How do you get rid of the "white noise" on recordings?
Hi guy I want to know how to get rid of the white noise that I get when I record through my computer.
I use the recording software "Audacity".
Does it only happen through your computer? You may need a better sound card.
You could also try a noise gate, but if it's only through your PC it's probably the sound card.
Often there's ambient noise that you've "tuned out" and don't hear while you're doing it but notice later on the recording. Pays to take a conscious, deliberate listen to the room before you start. Computers generally make noise from hard drives and fans.
"A cheerful heart is good medicine."
I don't know if anything is offered for Audacity. But I've used Cool Edit Pro II's (now Adobe Audition) noise reduction algorithms on some recordings digitized from cassette and low SNR sources. The scans the file to analyze it for "desired" info (music, voice) based on some frequency, power and other paramters (performs an autocorrelation). In the second step, it uses the gathered info to separate noise and desired audio. What I've learned is that there is no real magic bullet to remove noise. If I try to get too aggressive in removing noise -- more than only a few dB of reduction, the process clearly introduces annoying artifacts in the desired audio. I've learned not to expect too much from such a process. It's probably good for increasing intelligibility of voice at the expense of fidelity (spy-versus-spy or CSI magic), but is hard on the music.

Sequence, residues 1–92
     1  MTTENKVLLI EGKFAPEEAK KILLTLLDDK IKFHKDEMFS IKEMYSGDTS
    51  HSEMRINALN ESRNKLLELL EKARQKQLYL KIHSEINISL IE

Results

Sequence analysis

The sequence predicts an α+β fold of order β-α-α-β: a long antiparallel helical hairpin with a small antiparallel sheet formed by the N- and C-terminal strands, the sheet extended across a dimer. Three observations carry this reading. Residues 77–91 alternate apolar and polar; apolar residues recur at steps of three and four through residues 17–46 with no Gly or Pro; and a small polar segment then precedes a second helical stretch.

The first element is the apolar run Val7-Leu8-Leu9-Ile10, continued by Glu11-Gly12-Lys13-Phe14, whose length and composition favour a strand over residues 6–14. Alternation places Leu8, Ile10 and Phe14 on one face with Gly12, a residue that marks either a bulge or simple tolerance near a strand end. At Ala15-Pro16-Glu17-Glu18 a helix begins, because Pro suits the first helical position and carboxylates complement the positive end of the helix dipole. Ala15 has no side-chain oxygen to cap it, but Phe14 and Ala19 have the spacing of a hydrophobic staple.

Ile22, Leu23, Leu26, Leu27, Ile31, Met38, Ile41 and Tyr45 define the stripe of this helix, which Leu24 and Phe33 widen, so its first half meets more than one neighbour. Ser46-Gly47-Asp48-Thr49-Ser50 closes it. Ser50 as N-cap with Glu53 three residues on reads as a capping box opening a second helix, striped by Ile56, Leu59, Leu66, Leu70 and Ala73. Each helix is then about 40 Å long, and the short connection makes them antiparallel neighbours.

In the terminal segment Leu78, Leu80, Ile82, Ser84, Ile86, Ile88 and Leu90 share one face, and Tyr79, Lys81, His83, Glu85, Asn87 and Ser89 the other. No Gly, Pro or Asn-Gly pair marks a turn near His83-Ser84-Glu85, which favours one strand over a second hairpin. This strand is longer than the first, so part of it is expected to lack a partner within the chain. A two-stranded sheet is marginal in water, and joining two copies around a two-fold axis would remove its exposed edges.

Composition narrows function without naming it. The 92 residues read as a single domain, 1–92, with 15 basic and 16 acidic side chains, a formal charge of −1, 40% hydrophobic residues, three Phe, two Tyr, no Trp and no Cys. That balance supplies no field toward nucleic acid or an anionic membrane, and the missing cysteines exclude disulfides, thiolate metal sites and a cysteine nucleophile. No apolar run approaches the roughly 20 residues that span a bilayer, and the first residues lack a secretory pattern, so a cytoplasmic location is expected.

The other thing that might be possible is companding of the signal. However, this will also change the nature of the desired signal somewhat by compressing the higher level signals -- the desired music -- and expanding signals below a certain threshold so they are lowered further in level - hopefully the noise. Does Audacity have a user configurable compander or similar non-linear dynamic processor?
-=tension & release=-
The first thing to check is whether the noise always appears or whether you only get it when recording electric guitar or mic'ed voice/guitar.